Dec 19 Developing new U.S. securities industry
regulations may stretch well into 2013, or even beyond, but the
delays do not trouble Chet Helck.
Indeed, the chairman of the Securities Industry and
Financial Markets Association, or SIFMA, says that rushing the
process - just to finish regulations required by the Dodd-Frank
financial reform law and other legislation - could trigger more
Speed versus deliberation is just one of the tough topics
facing Wall Street next year. Other concerns include the impact
of new and proposed regulations on brokers, and how best to
streamline some of the varied rules that apply to different
types of financial advisers, SIFMA's chairman told Reuters in an
The concerns come after the Dodd-Frank financial reform law
and other legislation required and authorized certain federal
agencies, including the U.S. Securities and Exchange Commission,
to develop rules that affect everything from sales of
unregistered securities to changes in ethical standards for
SIFMA, a major Wall Street trade and advocacy group, has
been deeply involved in many of those discussions, pushing
regulators to craft some points in ways that the industry says
will be more practical for it to implement.
Helck, who is also chief executive of the Global Private
Client Group of Raymond James Financial Inc, says the
conversations will continue for as long as it takes to get the
He spoke with Reuters about the industry's 2013 regulatory
landscape. Excerpts of the interview follow.
Q: What is the biggest regulatory challenge facing the
retail brokerage industry during 2013?
A: Our industry has evolved and grown well past the
regulatory framework which we've lived under since the 1930s.
Markets, technology, products, economies - everything has
changed so dramatically. And the regulation just hadn't evolved
to keep up.
Q: The departure of former SEC chairman Mary Schapiro means
the agency will begin 2013 with four commissioners. Could that
slow Dodd-Frank reforms?
A: Only about a third of the required rules for Dodd-Frank
have been done, so the vast majority is still in front of us. It
is late, but frankly, it's important to go through this in a
thoughtful and considered way.
If they make rules just to make them on time, and those
rules don't work, it can lead to the same types of dislocation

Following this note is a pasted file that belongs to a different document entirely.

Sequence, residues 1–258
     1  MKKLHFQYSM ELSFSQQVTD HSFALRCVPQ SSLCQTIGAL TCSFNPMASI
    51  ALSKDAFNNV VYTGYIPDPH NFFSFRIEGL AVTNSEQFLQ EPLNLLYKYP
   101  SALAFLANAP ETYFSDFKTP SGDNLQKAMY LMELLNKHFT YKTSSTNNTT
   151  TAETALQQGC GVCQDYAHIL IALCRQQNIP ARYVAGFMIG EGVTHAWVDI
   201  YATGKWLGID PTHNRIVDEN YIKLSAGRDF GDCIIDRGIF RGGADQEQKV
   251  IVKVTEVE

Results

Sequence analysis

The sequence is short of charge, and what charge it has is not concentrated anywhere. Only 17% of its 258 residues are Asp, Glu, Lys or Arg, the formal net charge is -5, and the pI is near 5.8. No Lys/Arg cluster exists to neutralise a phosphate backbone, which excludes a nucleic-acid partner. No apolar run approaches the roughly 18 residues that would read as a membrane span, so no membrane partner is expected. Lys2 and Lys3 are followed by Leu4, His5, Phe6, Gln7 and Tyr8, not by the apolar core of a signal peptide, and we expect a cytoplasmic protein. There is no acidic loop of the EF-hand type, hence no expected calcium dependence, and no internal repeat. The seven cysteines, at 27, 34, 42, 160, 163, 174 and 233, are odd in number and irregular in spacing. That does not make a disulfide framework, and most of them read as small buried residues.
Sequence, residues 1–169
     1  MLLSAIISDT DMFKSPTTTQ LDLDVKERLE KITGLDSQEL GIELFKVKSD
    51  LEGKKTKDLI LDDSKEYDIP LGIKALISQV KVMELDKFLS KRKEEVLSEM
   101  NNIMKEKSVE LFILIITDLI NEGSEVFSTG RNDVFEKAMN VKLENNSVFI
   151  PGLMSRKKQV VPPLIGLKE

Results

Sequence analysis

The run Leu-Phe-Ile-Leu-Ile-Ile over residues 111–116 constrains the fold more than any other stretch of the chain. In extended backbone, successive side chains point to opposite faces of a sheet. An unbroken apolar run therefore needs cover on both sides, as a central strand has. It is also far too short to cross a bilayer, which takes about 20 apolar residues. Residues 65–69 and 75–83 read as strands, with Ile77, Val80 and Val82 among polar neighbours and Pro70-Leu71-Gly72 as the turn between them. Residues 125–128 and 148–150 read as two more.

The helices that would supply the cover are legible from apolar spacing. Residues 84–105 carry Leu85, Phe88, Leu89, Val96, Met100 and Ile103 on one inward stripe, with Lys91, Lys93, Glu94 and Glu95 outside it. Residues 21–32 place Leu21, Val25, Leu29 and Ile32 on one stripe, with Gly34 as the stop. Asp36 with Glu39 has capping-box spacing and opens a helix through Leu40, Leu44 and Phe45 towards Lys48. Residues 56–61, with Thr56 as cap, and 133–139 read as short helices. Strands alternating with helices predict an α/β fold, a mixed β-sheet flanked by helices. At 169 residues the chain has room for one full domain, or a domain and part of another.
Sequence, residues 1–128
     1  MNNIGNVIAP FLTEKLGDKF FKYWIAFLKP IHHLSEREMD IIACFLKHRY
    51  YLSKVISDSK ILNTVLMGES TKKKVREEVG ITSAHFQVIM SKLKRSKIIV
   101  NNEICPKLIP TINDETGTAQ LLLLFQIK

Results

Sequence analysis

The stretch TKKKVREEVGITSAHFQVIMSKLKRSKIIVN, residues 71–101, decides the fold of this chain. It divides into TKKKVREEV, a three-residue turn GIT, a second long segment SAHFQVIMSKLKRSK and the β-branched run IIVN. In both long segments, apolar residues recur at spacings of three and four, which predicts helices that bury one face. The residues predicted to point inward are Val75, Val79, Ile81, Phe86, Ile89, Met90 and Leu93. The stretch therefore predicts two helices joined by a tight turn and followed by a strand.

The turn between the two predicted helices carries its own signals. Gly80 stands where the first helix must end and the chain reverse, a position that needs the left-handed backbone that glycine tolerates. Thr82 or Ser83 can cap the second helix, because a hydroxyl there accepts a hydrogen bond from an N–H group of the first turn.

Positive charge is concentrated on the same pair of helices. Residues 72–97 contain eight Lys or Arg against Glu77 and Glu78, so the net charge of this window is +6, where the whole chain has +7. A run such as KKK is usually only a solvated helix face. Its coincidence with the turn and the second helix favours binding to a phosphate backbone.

that having no regulation would bring.
Q: Financial Industry Regulatory Authority has a new rule in
which brokerages must make sure their recommendations for
investors are suitable at all times, not just when the
transaction takes place. How will that affect
the industry during 2013?
A: These rules are directed toward making sure that the
financial adviser knows the client well enough to (ensure) that
whatever they're advising is not only suitable, but the best
option they can come up with for that client.
There are many advisers where that's the predominant
culture. If you've always done it that way, it's not a big
change. If you're the product-driven person who has pitched
products with no real assumption of responsibility for helping
clients determine it's their best choice, then it may be a big
change for you.
Q: Many advisers are leaving brokerages, where they are
regulated by FINRA, to become registered investment advisers who
are regulated by the SEC or states. Does this concern you?
A: Most advisers who leave keep their brokerage licenses
and also work as registered investment advisers in a hybrid
model. But it concerns me that there is an unleveled playing
field on the regulatory front (for different types of advisers).
FINRA (which oversees the U.S. brokerage industry) is a
tough regulator, so I understand why some find it challenging
and costly to meet all the requirements. However, the public
deserves to have the same protections regardless of an adviser's
There is a need to harmonize the regulatory framework so
that we have the same consistent high level of care for clients
who receive the same services by advisers, regardless of their
business model. I think it will happen. I don't know whether it
will be completed in 2013.
Q: Financial advisers are facing uncertainty about the
"fiscal cliff" - a combination of numerous tax and government
spending cuts that are expiring, and which could affect the
economy in 2013 and beyond. Is it possible for advisers to
recommend strategies for clients to plan for so many potential
A: Absolutely. Can you prepare for it perfectly? Never.
Preparing for it perfectly means being able to guess the outcome
and doing exactly what can optimize the outcome. You never can
do that. Diversification gives you a less-than-optimal result
but it also protects you from a devastating result. And that's
the best you can hope for. Clients have to deal with this
uncertainty whether they want to or not.